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Lessons From the Olympics

July 21, 2008
Related Topics: The HR Profession, Motivating Employees, Featured Article
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The Summer Olympics start August 8, and you just might be surprised to know that there are several lessons that HR professionals can garner from the event. Before you dismiss the connection outright, think about the Olympic model as one of the most effective motivation processes in the world. What better example is there than a system that motivates tens of thousands of individuals to make extraordinary sacrifices and to develop themselves beyond the capabilities of athletes who preceded them? The Olympic model routinely brings out record-breaking human performances. Unlike the corporate model, where professionals are paid thousands in salary and benefits just for showing up, the Olympics motivate without money and only reward performance. As with most sports, competing in the Olympics offers little statistical chance of even winning a medal, so it only makes sense to study the Olympics to see if there are any motivational principles we can use to set records with employee performance.

    The Olympics and HR share the same ultimate goal, which is getting the most out of human talent. Other things that HR has in common with the Olympics include the use of metrics, a continuous improvement process, teamwork and the use of technology to enable greater human performance. Both the Olympics and business are competitions (although it is often forgotten that business is so). By studying this model, which has operated successfully for decades around the globe, HR can capture some operational principles that can be modified and then applied to the way that HR manages employees. Here are four of those key principles:

    Competition is a powerful tool. Thousands participate in the Olympics, and millions watch them. That demonstrates that the competitive model excites people. Just to get a berth on your country’s team, you must successfully compete against your own teammates. In direct contrast, HR tends to discourage both internal and external competition, because it prefers harmony and it doesn’t like the discord associated with the heat of competition.

    Unfortunately, avoiding competition means lower levels of excitement and productivity. Some firms have embraced the competitive model. While firms like Google and Microsoft use contests to identify potential hires, MGM Grand has really mastered the science, employing "black box" competitions to seek out and identify talent anywhere within a function regardless of tenure and experience.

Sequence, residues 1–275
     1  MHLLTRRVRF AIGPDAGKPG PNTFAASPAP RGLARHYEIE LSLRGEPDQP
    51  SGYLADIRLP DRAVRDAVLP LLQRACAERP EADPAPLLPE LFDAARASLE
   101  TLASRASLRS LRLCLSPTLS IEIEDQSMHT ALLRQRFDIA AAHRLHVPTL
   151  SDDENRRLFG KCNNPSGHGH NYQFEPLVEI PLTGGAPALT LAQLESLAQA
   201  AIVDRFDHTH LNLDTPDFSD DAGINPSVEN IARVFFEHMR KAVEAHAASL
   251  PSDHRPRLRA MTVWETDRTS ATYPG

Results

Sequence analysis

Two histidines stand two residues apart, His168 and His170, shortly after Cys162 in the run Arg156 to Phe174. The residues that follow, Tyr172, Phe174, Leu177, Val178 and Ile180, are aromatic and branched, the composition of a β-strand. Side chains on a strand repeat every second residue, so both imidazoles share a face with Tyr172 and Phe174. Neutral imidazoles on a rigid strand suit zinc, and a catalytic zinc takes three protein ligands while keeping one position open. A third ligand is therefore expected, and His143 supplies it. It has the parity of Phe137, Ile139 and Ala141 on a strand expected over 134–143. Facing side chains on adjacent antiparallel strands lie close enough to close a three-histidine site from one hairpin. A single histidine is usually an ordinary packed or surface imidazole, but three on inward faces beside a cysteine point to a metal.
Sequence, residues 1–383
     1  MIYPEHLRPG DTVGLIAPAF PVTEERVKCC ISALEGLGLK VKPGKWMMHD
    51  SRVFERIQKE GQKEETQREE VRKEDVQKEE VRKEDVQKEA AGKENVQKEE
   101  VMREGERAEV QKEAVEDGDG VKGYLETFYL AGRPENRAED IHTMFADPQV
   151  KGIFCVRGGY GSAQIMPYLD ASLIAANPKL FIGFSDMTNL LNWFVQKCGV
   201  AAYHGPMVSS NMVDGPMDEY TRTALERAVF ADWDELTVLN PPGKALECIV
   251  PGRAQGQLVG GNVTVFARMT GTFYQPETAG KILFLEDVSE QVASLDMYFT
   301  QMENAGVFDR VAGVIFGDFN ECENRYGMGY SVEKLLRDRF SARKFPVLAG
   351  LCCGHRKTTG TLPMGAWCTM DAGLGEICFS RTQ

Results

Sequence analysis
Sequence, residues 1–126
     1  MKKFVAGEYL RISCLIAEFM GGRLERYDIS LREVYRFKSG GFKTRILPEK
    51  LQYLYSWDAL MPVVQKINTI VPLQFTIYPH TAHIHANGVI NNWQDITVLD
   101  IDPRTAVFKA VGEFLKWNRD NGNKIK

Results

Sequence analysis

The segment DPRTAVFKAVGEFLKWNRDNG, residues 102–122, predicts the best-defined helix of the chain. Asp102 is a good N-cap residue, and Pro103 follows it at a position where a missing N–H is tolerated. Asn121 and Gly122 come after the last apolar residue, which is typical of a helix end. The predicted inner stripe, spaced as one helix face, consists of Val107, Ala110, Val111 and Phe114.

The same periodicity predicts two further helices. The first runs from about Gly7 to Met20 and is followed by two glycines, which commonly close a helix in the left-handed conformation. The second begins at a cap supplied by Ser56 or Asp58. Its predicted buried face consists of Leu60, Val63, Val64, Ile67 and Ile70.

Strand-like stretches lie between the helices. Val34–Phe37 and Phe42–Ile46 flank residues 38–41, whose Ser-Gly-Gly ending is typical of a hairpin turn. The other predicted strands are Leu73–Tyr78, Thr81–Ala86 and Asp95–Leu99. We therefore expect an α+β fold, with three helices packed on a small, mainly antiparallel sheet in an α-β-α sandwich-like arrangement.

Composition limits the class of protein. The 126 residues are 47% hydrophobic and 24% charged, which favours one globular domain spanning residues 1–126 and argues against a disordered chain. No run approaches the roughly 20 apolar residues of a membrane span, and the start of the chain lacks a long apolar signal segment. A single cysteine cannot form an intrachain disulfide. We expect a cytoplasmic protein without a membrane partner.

In the food and beverage department, for example, any employee can sign up to compete in tournament-style culinary challenges in which winning contestants move on to the next round. Contestants are provided black boxes that contain ingredients they must use to prepare an original dish (anyone who has watched Iron Chef knows how this works). The challenges allow employees new and old, with and without experience, and from anywhere within the function, to showcase their skills and abilities to complete truly job-relevant challenges.

    In the recent past, black-box challenges have enabled a 23-year-old sous chef in a nonrated venue to be promoted to executive chef in a four-star venue, and a wait-staff member to be promoted to general manager, both having proved their ability to manage all aspects of the job through various challenges. Not only do the challenges enable superstars to shine, but they also remove all doubt among other employees why someone got promoted.

    Performance-based hiring is best. In the Olympics, you don’t make the team based on seniority, education or experience. Selection is based solely on the person’s performance in real-life trials. Corporations could benefit by shifting some of their emphasis away from interviewing and instead give candidates real problems or simulations to solve, as Microsoft, Google and GE have done.

    Reward superior results, not effort. In the Olympics, medals go exclusively to those who produce the top numbers. There is no "show-up pay" or guarantees. Although dozens might compete in a grueling event, only three will be recognized and rewarded with medals. HR, by contrast, tries to utilize the "soccer mom" model, where everyone gets equal praise and some reward and the differential between the top and the average performers may be marginal. HR also can over-praise intangible factors like effort, heart, loyalty, commitment, perseverance and values. The lesson is that dramatic differentiation in rewards sends a clear message that exceptional performance is the goal. Average results have little value because only exceptional results can teach us how to change the process so that all can improve.

    Compare yourself with the best in the world. In the Olympics, the standard is an external "best in the world" standard. You compare everything you do with the holder of the continually improving world record. HR metrics, rather than being internally focused, also need to be compared directly with the best HR results in the world. Winning requires comparing yourself with the results produced by the world’s best firm—and then beating them.

    The overall lesson to be learned from the Olympics is that it’s not the shoes that create champions, despite what the advertising slogan says. Obviously it takes talent, but it’s equally important to have great managers and superior processes to select, develop, motivate and get the talent to work together as a team. Sounds a lot like HR.

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